* Fund buying, concerns over U.S. crop rating support wheat
* Wheat market may have seen the bottom, upside seen limited (Adds details, quotes)
By Naveen Thukral
SINGAPORE, Nov 22 (Reuters) - Chicago wheat prices climbed for a second session on Wednesday, with short-covering by investors and a decline in the U.S. winter crop condition underpinning the market.
The Chicago Board of Trade most-active wheat contract was up 0.2 percent at $4.42 a bushel by 0325 GMT, corn slipped 0.3 percent to $3.44 a bushel and soybeans eased 0.1 percent to $9.88-1/4 a bushel.
“The wheat market has already made lows but that doesn’t mean prices should rally,” said an India-based agricultural commodities analyst.
“There has been some discussion about dryness in the United States, but it is still too early to impact the crop. If the U.S. weather remains benign there is scope for prices to go down by about 10 cents.”
Wheat drew support from a weekly crop condition report by the U.S. Department of Agriculture (USDA). It rated 52 percent of the winter wheat crop in good-to-excellent condition, down from 54 percent the previous week, despite analyst expectations for no change.
Commodity funds were net buyers of CBOT wheat and soyoil futures contracts on Tuesday and net sellers of corn, soymeal and soybean futures, traders said.
Radioactive pollution in the Ural mountains caused some concerns, although scientists said there were no human or environmental risks.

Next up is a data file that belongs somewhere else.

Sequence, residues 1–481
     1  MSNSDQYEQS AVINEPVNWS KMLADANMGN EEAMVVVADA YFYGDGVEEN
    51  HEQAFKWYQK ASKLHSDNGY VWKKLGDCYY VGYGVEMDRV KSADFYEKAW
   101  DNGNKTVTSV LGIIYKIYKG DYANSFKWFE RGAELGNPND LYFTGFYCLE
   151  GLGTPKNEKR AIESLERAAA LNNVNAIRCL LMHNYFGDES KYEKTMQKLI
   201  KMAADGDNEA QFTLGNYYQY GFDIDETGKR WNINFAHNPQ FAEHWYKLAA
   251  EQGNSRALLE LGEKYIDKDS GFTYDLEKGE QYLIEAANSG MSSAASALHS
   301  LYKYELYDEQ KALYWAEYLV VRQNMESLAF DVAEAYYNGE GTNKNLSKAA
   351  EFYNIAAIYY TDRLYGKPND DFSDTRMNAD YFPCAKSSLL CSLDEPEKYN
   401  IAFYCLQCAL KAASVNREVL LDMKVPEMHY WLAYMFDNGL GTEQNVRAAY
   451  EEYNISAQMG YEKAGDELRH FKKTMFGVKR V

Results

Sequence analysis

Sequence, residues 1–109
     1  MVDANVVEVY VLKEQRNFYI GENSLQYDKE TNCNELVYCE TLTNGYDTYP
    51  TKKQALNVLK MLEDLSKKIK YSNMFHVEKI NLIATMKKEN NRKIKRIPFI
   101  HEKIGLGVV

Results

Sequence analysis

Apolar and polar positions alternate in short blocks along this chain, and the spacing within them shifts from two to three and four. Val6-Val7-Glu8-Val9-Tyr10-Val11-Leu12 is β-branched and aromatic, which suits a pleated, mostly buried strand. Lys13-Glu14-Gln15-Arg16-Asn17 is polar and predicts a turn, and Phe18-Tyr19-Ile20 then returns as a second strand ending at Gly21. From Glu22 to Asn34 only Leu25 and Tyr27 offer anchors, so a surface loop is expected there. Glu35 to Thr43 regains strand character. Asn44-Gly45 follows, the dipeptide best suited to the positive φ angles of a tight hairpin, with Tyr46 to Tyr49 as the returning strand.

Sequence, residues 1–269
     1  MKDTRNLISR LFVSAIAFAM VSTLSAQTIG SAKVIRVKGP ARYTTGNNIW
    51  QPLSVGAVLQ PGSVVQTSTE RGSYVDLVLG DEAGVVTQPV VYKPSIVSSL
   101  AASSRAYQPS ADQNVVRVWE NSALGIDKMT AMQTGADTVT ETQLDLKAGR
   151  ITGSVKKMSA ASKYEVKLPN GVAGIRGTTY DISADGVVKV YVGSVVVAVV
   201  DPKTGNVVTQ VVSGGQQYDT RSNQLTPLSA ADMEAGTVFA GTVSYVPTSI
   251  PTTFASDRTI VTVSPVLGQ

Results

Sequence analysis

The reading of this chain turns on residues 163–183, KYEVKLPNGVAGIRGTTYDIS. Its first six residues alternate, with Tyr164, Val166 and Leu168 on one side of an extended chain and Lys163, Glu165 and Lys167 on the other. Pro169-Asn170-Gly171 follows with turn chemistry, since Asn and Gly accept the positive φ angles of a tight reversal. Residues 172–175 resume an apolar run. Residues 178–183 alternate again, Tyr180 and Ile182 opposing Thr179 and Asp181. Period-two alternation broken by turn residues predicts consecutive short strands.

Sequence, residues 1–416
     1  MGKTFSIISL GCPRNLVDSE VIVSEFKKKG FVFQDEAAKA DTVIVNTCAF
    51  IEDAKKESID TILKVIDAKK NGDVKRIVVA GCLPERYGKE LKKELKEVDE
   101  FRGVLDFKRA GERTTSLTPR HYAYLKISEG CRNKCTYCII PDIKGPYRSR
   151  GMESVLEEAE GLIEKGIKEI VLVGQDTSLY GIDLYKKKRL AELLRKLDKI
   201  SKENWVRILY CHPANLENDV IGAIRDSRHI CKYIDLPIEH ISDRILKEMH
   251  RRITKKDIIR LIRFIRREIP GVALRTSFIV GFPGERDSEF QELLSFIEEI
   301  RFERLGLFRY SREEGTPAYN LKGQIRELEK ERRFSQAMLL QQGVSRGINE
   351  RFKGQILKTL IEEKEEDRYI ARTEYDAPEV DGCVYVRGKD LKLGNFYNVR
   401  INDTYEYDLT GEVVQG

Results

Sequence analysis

The meteorological service in Russia, the world’s biggest wheat exporter, said it had measured pollution of a radioactive isotope at nearly 1,000 times normal levels in the Ural mountains.
That marked the first official Russian data supporting reports that a nuclear incident had taken place in Russia or Kazakhstan in the last week of September.
Wet corn is piling up in the U.S. Midwest, boosting premiums for dry grain and raising costs for exporters who already have been undercut in global markets by cheaper Argentine supplies, traders said on Tuesday.
The slowest U.S. corn harvest in three years was beset by rains and cool weather during the past two months that prevented later-planted crops from drying naturally in the fields. Corn supplies going into the harvest were the largest since 1988 and space in on-farm storage and dryers are at a premium. (Reporting by Naveen Thukral; Editing by Joseph Radford and Sherry Jacob-Phillips)